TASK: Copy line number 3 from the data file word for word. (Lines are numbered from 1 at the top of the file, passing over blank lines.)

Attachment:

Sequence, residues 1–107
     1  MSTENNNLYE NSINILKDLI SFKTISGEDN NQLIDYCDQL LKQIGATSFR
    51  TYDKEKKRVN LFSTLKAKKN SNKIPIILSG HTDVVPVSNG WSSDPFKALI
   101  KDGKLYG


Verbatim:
    51  TYDKEKKRVN LFSTLKAKKN SNKIPIILSG HTDVVPVSNG WSSDPFKALI